Although the current thinking of the courts is to consider contractual disputes from a practical commercial angle, they will not normally ‘re-write the contract’ just because the meaning of the provisions of the contract in dispute might conflict with commercial common sense or if this would result in them being more in accord with normal business practice.
In a recent case involving Somerfield, the supermarket chain wished to retain a facilities management service provided by a company called Skanska, before the contractual details could be agreed. Somerfield suggested to Skanska that pending agreement of the details, the services should be provided in accordance with the draft facilities management contract which Somerfield had prepared. It sent a letter of intent to Skanska to that effect.
As the contract specified over 300 services to be provided, the negotiation of the detailed contract was always likely to take a considerable period of time. In the event, the final contract was never agreed, although the temporary agreement (such as it was), established by the letter of intent, was extended twice. Predictably, a dispute arose.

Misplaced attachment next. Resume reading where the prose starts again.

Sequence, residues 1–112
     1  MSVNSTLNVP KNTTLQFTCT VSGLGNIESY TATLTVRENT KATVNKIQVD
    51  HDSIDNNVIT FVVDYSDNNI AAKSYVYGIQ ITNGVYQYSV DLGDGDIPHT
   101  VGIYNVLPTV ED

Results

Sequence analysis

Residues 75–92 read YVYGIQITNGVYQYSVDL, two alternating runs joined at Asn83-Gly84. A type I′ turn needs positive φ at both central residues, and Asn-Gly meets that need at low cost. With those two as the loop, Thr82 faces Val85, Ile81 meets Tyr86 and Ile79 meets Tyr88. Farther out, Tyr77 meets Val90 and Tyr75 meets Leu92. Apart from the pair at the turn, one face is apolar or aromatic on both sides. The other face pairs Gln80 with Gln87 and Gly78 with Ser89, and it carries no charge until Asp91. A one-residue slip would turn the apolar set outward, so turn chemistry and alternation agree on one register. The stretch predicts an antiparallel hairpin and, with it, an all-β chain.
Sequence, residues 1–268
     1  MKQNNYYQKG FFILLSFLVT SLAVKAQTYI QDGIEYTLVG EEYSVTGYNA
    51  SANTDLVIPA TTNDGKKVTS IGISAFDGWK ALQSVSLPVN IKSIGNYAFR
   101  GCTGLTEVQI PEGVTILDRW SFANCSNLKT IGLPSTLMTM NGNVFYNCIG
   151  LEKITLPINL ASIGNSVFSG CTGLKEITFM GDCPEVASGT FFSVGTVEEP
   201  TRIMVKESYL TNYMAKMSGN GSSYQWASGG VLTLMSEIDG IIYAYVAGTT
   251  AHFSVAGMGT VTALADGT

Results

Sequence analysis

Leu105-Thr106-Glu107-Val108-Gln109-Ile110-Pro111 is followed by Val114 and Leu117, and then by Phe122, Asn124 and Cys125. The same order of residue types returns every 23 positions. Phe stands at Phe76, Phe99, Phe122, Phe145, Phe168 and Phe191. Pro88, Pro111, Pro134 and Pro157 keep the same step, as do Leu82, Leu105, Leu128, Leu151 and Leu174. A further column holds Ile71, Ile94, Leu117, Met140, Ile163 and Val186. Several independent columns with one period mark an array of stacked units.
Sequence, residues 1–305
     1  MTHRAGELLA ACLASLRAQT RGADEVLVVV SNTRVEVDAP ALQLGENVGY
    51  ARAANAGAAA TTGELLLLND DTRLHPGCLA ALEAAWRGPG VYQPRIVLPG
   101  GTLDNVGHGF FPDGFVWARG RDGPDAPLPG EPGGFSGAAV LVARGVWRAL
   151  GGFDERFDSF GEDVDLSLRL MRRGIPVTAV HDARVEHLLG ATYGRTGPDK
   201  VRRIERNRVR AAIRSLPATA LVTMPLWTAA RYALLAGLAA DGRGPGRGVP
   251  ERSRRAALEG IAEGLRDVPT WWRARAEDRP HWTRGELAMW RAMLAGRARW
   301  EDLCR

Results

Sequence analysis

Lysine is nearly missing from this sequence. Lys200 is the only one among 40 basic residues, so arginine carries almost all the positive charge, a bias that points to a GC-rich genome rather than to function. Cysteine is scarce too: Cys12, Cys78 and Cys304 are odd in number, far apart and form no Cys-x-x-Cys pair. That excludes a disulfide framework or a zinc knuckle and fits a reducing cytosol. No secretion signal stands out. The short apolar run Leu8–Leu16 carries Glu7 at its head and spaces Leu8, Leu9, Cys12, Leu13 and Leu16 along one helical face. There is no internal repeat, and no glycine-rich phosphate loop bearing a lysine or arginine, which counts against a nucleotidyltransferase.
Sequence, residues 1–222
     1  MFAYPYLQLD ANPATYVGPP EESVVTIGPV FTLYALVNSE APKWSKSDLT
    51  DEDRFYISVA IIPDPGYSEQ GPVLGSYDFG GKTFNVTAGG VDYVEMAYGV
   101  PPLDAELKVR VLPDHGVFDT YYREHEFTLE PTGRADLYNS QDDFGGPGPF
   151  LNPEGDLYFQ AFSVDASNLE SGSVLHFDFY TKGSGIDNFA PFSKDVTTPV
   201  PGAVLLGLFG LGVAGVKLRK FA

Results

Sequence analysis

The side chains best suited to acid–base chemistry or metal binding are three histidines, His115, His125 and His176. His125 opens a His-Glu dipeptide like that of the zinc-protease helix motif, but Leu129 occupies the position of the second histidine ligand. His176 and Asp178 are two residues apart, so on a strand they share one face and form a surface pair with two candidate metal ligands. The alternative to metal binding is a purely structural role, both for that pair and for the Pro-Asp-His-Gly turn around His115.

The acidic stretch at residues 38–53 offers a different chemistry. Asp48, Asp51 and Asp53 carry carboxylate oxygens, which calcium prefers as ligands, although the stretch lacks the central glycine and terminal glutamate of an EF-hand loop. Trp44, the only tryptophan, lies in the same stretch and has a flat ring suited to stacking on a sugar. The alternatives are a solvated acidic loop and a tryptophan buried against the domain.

Somerfield argued that the draft facilities management contract applied in full. Skanska argued that none of the terms applied as the letter of intent contained the common phrase ‘subject to contract’. It was accepted by both parties that the letter of intent did create at least a limited form of contract. In the Technology and Construction Court (TCC), the judge had ruled that contractual relations were created only to the extent necessary to define the services Skanska was to provide.
The Court of Appeal held that the letter of intent went further than this and that the ordinary meaning of the words ‘under the terms of the contract’ clearly intended that the facilities management agreement should operate as laid out in the draft contract until it was finalised. To rule otherwise would be to construe the contract in a way which did not reflect the agreement into which the parties had entered. However, because of the complexity of the agreement, the contract could not be regarded as being binding with regard to each particular. The agreement was therefore remitted back to the judge in the TCC to determine which of the clauses were applicable.